What to do with the mask is something of a trade secret and an art. Depending on the sources, there are various techniques to scale specific pixels by some amount, dictated by the mask threshold value. The math in PV-WAVE can get tricky because BYTE values wrap around, so addition and multiplication have to be done after converting to integers. Since values greater than 255 or less than 0 aren’t allowed in the final version, scaling is critical at each step, or else you lose brightness and detail in the result, which is the opposite of the goal.
A simpler alternative, yet still effective, technique is to generate a high contrast version of the source image, then wherever the mask is greater than the threshold, use pixels from the high contrast image. To generate a high contrast image, I wrote PHOTO_CONTRAST based on a formula discovered online. From there, this technique is nearly trivial in PV-WAVE using the helper functions. There are a few more steps required for color images, but the general idea can be shown with the grayscale bikes image used above:
These steps result in the image shown below.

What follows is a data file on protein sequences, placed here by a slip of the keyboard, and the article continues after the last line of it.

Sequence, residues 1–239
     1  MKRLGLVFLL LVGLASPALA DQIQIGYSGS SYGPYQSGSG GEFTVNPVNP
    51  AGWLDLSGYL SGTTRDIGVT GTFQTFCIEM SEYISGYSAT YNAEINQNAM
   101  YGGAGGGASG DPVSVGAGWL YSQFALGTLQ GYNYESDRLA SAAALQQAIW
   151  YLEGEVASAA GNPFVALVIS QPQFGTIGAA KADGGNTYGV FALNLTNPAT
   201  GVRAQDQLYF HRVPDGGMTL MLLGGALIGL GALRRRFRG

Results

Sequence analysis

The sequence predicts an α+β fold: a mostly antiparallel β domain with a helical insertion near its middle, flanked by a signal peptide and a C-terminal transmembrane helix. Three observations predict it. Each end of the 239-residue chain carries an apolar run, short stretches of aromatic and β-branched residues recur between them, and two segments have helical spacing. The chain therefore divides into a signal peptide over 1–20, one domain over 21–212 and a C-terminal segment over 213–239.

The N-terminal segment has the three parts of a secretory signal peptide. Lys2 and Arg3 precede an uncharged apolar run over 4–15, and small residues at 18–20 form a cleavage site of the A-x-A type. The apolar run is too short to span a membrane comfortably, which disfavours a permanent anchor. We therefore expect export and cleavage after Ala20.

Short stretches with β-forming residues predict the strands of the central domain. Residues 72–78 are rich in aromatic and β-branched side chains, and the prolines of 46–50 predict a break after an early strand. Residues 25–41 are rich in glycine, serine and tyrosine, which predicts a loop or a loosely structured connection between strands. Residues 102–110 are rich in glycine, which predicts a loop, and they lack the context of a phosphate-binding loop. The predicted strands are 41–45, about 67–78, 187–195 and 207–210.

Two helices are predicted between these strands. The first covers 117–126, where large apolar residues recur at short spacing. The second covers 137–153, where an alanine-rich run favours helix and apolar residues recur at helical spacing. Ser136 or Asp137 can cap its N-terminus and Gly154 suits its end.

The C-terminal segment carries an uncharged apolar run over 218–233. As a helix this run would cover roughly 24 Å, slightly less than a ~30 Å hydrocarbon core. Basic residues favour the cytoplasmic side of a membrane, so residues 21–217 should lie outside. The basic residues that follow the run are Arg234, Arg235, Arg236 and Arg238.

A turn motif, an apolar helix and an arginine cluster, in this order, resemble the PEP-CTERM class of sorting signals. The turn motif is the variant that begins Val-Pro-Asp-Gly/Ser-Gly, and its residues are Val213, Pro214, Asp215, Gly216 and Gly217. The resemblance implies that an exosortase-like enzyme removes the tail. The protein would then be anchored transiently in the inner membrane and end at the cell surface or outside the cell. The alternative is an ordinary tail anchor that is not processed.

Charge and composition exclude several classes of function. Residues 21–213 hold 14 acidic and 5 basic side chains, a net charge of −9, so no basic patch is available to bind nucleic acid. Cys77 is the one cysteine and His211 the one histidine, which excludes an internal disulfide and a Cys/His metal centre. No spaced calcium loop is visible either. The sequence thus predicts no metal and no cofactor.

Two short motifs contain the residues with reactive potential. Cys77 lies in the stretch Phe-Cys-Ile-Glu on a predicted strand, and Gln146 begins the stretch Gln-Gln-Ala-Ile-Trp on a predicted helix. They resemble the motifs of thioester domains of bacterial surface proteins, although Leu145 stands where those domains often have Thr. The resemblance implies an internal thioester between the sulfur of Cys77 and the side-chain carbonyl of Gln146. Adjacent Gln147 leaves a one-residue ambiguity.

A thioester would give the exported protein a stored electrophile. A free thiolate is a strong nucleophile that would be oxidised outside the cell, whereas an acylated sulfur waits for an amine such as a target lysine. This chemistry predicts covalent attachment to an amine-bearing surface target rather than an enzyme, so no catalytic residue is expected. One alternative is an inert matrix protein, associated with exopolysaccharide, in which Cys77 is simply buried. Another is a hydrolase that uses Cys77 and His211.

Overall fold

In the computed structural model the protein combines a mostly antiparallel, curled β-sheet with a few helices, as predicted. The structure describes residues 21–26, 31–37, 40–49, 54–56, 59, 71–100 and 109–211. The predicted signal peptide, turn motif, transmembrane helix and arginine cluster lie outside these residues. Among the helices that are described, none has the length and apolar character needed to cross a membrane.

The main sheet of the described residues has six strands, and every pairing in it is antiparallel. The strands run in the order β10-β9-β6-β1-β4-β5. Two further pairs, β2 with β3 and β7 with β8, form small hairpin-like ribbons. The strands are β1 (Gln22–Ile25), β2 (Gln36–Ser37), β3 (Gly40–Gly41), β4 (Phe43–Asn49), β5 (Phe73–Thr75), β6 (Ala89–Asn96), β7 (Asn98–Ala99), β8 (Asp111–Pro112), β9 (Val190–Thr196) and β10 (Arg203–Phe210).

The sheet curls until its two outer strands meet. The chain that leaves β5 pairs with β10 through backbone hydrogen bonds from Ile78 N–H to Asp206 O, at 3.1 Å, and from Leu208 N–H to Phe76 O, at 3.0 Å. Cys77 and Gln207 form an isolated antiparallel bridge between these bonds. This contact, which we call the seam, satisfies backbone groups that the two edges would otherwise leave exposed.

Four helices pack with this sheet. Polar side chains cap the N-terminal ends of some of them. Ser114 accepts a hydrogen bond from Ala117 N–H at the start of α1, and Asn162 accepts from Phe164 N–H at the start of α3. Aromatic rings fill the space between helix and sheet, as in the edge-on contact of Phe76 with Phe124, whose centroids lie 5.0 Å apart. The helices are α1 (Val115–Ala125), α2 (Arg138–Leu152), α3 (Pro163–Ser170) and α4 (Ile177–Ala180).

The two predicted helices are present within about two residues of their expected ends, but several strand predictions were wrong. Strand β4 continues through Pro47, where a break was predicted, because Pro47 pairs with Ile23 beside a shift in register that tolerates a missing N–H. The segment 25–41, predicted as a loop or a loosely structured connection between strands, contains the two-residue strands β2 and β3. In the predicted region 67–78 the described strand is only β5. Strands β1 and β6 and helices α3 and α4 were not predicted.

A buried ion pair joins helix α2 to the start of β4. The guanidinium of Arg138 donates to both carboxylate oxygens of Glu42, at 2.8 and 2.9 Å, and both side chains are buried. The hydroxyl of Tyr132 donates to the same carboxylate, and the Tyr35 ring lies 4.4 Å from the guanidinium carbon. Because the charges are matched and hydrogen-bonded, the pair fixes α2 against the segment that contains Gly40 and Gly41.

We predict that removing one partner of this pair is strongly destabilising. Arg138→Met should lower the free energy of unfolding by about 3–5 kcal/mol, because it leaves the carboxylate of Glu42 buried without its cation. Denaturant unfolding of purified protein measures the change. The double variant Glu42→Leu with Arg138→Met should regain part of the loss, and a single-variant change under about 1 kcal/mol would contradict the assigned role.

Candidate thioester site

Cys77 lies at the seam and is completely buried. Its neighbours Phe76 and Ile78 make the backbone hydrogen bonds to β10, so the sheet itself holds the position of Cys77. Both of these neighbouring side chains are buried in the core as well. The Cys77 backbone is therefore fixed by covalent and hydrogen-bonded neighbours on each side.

The function PHOTO_SHARPEN follows this logic, accepting values for amount and threshold, and includes support for color images as well. The results of this example will not map to professional image editing tools for a few reasons. First, edges from SOBEL have a different character than a Gaussian blur. Second, the value for “amount” here maps to the contrast algorithm rather than a vague percentage typical of those tools. And finally, there’s no behind-the-scenes magic here, with all the math verifiable in the code, so any trade secret type adjustments aren’t included.
This post concludes the series of my investigation of the new PHOTO functions included in PV-WAVE 2016.1. Part 1 explored the basics of displaying and resizing techniques, while Part 2 dove into some quantitative aspects. In Part 3, edge detection and sharpening are briefly discussed. Throughout this series, PV-WAVE’s standard library of functions have been used wherever possible, along with the power and flexibility of the array-based language. Several helper functions have been produced to help others exploring the richness of the PHOTO routines.
If you have any questions or requests for additional topics, please let us know in the comments. If you want to try these features out for yourself, contact us for an evaluation.